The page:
WHATEVER ELSE HE IS, Jose Padilla is an American citizen. That inescapable fact explains both the Bush administration's decision last week to charge him with a crime -- and the importance of the Supreme Court's upcoming decision on whether to hear his case.
The first decision represents a change in course for an administration still struggling, more than four years after the attacks of 9/11, to find a legal strategy in the war against terrorism. But it is the second decision, due in almost three weeks, that could prove to be more significant to Americans and the rule of law. The Supreme Court needs to rein in the Bush administration's war on the Constitution.
Padilla, who has been in government custody for 3 1/2 years, was captured in May 2002 at a Chicago airport and accused of being a "dirty bomber," plotting to explode a small radioactive device in the United States. Shortly after being captured, he was declared an "enemy combatant" in the war against terrorism and sent to a military brig in South Carolina.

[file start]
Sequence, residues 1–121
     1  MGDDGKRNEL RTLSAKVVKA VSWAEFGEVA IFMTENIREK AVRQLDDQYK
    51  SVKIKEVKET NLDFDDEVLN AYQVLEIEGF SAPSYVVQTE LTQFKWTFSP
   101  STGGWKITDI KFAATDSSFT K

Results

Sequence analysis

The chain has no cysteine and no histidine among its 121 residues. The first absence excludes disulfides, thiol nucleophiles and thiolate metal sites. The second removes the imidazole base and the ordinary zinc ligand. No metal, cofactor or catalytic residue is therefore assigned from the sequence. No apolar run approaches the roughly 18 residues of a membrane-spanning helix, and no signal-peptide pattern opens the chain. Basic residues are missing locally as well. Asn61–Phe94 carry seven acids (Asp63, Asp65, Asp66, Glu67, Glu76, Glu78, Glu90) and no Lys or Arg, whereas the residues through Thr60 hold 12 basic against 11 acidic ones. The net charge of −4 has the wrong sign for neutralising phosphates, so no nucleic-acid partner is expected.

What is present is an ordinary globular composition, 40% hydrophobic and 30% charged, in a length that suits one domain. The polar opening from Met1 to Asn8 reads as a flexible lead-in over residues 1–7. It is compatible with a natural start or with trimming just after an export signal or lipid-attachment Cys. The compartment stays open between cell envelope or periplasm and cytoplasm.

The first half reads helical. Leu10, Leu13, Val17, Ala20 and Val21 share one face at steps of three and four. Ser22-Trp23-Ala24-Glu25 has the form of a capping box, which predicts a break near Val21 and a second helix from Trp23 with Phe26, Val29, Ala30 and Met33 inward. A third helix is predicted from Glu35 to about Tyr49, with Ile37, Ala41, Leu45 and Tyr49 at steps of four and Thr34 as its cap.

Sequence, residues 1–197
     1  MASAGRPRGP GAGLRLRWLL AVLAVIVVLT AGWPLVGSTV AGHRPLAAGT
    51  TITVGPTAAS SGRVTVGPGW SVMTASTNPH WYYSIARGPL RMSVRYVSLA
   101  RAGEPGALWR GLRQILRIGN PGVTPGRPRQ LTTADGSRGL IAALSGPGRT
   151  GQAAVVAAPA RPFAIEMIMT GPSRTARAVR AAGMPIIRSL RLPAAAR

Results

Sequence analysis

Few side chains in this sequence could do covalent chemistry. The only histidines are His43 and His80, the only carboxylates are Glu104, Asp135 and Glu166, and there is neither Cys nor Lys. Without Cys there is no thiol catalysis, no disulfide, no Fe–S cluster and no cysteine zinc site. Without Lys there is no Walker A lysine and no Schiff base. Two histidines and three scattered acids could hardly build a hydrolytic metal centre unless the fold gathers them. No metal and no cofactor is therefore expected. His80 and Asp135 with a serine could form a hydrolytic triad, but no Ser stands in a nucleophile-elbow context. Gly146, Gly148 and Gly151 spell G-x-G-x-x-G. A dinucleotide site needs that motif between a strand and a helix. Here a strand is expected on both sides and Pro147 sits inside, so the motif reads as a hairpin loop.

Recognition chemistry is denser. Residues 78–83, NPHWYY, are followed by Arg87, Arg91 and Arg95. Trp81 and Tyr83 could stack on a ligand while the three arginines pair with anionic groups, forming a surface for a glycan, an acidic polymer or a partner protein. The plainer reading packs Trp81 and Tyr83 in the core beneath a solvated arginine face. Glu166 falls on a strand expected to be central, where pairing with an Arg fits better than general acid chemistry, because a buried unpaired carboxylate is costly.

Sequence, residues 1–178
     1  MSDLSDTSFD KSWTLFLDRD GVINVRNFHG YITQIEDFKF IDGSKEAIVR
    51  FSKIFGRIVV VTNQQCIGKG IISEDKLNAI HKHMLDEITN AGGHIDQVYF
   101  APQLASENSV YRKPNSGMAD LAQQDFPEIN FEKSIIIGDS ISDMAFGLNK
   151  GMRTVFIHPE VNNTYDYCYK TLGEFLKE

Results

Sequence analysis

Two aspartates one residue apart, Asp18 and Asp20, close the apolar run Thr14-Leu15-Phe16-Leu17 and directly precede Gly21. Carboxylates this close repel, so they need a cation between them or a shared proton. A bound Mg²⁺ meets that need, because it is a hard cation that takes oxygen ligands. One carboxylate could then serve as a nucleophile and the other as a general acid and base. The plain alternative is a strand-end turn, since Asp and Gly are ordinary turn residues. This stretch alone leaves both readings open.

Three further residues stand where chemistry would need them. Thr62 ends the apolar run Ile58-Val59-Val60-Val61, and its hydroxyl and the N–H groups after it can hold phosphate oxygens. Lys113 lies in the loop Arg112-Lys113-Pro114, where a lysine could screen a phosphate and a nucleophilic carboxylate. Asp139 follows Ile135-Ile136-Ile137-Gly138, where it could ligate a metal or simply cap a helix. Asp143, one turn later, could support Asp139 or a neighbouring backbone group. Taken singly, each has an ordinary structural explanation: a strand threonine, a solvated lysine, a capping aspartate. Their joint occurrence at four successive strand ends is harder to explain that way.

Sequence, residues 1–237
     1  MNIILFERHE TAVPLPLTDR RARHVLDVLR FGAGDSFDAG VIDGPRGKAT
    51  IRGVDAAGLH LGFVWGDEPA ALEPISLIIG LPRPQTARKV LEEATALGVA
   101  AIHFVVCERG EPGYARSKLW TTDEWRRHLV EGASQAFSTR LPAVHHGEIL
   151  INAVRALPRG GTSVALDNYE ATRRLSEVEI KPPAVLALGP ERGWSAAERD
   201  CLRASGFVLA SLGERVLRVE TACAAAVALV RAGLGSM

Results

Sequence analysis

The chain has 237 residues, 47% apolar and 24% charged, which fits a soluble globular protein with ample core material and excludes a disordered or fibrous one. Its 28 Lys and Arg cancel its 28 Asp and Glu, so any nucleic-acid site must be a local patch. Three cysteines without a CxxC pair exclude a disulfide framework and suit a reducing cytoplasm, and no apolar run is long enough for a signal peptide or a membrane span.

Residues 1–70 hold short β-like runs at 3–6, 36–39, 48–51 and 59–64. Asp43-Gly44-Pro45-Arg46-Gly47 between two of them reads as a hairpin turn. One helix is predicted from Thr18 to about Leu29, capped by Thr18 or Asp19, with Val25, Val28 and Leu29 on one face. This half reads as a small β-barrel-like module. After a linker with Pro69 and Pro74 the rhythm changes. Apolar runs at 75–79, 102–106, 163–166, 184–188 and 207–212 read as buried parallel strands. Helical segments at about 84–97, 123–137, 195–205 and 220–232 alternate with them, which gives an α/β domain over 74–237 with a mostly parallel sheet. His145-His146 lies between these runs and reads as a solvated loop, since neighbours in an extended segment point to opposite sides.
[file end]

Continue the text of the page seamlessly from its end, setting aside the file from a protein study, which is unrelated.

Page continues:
But Padilla challenged the government's right to hold him, a U.S. citizen arrested on U.S. soil, without ever proving charges in a court of law (as opposed to asserting them in a news conference). Facing an impending deadline to answer his petition before the Supreme Court -- and no doubt mindful of an earlier decision requiring it to allow such enemy combatants captured on the battlefield to challenge their imprisonment -- the Bush administration last week filed a criminal indictment against Padilla in federal district court.